What is Environmental Intolerance or Environmental Illness?

Are you, your children or someone you know bothered by perfume or cologne? Does the smell of fresh paint or other building supplies cause headaches or other physiological symptoms?  Does anyone you know find scented products, such as laundry detergents, fabric softeners or soaps irritating?  Have you had health issues related to mold exposure?  If so, you or someone you know likely has an environmental intolerance, also known as Environmental Illness (EI) or Multiple Chemical Sensitivity (MCS).  It is estimated that between 34 and 50 million people in the United States suffer from “unusual” sensitivities to common environmental chemicals with about 3% (~10 million) medically diagnosed with EI/MCS.  For some, this is a debilitating disease as everyday activities such as going to the grocery store, working in an office or simply using a public restroom become impossible due to the chemicals encountered and resulting physiological symptoms and potentially life-threatening reaction.

EI/MCS is an autoimmune disorder that can fall under the Americans with Disabilities Act (ADA).  Symptoms and the degree of symptoms vary from individual to individual, but can include:

asthma chest pain nausea breathing difficulties
headaches gastrointestinal pain heart palpitations eczema
memory loss muscle pain dizziness sore throat
depression extreme fatigue confusion severe diarrhea
thyroid disorders difficulty concentrating sinus problems anaphylaxis

Building supplies and chemicals in everyday products are a trigger for many with EI or MCS.  The following products can provoke the onset of symptoms for suffers of this disease:

  • air fresheners and deodorizers
  • body spray
  • cleaning products
  • construction/remodeling materials (carpet, glues, sealants, paints, treated wood products)
  • electromagnetic field radiation (EMF) from cell phones, cell towers, computers, electrical lines
  • electronics, including copiers and printers
  • home furnishings (contain fire retardants, formaldehyde, stain-resistant chemicals)
  • laundry products (dryer sheets, soaps, softeners)
  • lawn and garden care products (pesticides, herbicides, fertilizers)
  • microbial toxins, such as mold, mildew and mycotoxins
  • new clothing
  • permanent markers
  • personal care products (i.e. deodorants, shampoos, conditioners, hairspray, after-shave lotions, skin moisturizers, soaps and more)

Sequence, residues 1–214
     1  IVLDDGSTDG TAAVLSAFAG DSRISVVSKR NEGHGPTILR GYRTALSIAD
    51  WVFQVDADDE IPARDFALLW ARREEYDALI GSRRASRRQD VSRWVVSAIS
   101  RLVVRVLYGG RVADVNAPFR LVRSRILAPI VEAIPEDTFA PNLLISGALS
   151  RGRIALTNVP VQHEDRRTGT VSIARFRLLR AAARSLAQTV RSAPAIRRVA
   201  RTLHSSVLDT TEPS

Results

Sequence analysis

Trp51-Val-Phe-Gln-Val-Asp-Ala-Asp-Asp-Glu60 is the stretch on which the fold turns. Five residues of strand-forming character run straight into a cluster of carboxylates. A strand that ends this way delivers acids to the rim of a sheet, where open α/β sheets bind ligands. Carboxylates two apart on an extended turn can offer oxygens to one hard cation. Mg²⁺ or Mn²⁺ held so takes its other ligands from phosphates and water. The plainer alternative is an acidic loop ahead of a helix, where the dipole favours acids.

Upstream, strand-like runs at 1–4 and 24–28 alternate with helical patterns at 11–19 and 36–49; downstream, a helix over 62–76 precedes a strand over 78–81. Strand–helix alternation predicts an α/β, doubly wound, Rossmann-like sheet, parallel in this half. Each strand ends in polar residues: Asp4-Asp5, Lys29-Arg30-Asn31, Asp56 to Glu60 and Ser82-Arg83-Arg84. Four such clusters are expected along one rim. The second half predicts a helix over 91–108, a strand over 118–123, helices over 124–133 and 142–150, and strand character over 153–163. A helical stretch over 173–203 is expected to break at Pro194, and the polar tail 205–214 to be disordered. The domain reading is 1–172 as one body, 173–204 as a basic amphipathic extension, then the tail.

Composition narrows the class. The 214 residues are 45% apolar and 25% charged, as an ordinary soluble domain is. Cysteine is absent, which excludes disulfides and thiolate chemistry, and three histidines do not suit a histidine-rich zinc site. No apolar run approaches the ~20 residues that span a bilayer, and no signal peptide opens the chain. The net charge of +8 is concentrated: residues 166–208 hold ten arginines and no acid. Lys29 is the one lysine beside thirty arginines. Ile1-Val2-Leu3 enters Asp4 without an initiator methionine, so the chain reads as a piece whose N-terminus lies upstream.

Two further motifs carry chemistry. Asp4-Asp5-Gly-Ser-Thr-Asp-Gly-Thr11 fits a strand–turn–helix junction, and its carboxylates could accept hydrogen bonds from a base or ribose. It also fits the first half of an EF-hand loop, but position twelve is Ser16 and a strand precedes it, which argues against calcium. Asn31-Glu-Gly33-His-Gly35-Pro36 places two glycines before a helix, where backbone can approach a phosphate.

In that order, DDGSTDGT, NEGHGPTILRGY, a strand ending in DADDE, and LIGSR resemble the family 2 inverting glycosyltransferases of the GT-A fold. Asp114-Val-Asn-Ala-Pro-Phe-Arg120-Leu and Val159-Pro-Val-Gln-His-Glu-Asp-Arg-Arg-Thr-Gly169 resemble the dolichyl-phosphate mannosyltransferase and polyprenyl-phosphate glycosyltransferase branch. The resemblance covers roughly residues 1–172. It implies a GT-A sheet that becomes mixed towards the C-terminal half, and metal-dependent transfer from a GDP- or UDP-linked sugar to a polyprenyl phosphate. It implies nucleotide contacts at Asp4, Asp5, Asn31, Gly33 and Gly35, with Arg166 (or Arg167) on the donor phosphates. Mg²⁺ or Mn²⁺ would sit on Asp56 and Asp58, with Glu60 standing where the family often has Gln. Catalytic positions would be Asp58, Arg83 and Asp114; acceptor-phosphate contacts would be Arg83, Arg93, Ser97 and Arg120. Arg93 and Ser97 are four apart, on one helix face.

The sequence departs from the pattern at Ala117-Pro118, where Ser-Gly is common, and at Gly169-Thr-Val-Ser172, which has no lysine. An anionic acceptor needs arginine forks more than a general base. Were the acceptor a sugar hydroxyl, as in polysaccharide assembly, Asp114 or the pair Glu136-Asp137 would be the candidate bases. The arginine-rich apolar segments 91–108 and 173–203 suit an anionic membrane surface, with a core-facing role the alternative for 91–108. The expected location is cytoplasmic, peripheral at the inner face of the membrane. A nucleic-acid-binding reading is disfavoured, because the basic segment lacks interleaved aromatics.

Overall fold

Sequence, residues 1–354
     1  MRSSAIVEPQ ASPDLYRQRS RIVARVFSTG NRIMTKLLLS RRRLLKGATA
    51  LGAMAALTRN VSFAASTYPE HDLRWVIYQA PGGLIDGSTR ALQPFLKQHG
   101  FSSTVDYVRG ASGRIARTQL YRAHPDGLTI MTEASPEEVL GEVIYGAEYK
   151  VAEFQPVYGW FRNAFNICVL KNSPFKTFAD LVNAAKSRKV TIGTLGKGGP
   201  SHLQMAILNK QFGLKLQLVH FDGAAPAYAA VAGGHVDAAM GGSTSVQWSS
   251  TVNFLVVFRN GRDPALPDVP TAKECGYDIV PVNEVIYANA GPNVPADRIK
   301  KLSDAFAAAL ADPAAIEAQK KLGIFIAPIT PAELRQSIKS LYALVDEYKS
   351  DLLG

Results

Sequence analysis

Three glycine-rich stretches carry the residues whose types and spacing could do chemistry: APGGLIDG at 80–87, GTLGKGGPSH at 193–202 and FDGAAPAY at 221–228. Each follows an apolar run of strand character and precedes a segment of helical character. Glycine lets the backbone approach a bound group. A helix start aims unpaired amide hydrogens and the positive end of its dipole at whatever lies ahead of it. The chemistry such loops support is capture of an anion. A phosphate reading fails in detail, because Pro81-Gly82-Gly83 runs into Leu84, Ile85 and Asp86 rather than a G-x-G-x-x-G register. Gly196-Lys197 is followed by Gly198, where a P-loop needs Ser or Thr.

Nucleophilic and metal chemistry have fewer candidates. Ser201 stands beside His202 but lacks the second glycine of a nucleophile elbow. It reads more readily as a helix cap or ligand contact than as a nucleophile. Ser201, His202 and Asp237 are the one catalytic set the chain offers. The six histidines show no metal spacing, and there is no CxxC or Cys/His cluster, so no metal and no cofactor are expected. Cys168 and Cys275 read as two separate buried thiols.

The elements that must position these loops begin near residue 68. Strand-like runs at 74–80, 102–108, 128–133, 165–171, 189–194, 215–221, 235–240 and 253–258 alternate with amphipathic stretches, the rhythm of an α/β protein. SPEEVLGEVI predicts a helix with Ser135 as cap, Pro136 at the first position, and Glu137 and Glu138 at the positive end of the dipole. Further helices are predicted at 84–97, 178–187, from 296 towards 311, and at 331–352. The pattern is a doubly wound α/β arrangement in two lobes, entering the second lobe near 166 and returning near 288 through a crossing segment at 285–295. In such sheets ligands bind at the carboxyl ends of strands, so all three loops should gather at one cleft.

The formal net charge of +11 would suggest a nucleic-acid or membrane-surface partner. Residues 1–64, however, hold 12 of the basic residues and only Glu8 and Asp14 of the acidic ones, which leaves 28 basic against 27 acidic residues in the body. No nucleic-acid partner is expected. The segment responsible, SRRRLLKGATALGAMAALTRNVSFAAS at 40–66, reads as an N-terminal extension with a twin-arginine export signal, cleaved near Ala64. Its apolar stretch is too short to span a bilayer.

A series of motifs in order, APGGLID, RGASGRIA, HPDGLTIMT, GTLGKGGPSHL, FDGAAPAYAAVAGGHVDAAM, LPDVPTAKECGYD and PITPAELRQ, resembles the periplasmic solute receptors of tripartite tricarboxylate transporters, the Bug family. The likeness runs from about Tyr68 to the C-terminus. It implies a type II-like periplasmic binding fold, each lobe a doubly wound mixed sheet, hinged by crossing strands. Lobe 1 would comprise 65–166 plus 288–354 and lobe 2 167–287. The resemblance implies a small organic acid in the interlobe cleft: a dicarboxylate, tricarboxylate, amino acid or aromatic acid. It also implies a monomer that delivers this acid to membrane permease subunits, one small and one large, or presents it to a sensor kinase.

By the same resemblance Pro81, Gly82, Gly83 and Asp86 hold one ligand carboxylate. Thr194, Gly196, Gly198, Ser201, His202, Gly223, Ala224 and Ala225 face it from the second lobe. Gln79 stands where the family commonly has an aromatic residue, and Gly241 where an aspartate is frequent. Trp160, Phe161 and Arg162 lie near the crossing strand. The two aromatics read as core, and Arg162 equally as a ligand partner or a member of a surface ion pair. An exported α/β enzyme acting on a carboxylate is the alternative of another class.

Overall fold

• plastics
  • smoke (cigar, cigarette, e-cigarette, natural gas, pellet stoves, wood burning)
  • vehicle exhaust

For those not suffering from EI/MCS, this is a difficult disease to understand.  A noticeable smell may not be apparent and yet an individual with EI/MCS may experience anaphylaxis or other reactions.  A comparison can be made to someone with a severe peanut allergy.  For someone with severe peanut allergies he or she may go into anaphylactic shock simply by ingesting trace quantities of airborne peanut particulates.  Similarly, highly sensitized EI/MCS individuals will experience similar “allergic” reactions to trace amounts of chemicals.  For these people, life is far from normal.

Frequently Asked Questions about Environmental Intolerance or Environmental Illness

Q. I know people who have allergies to foods or pollen but I don’t know anyone who has a reaction to coming into contact with fragranced products.  Is this a real concern?

A. It is a very real concern. Multiple Chemical Sensitivity can suddenly appear in an individual who never had issues with chemical fragrances in the past. It can result in individuals experiencing an array of symptoms including, but not limited to, asthma, nausea, difficulty breathing, headaches, diarrhea and eczema. In extreme cases, some diagnosed with MCS cannot work or take part in daily routines most of us take for granted, such as grocery shopping or attending public events due to the inevitable encounters with fragranced chemicals. It is an illness not fully understood, but is actively being studied by the medical community. Those with MCS may find an accommodation under the Americans with Disabilities Act. A few statistics include:

  • 3 in 10 people in the US find scented products on OTHERS irritating
  • One in three people in the US experience adverse health effects from synthetic fragrance exposure
  • 15% of the US population is hypersensitive to common everyday chemicals
  • It is estimated between 34 and 50 million people in the United States suffer from “unusual” sensitivities to common environmental chemicals
  • 15% of Americans have lost workdays or a job due to fragranced product exposure in the workplace

Q. Can’t people with chemical sensitivities take allergy medication?

A. While research continues, no medication currently exists and the only reliable way to avoid reactions for those with chemical sensitivities is to avoid the triggers. This often requires cooperation of others.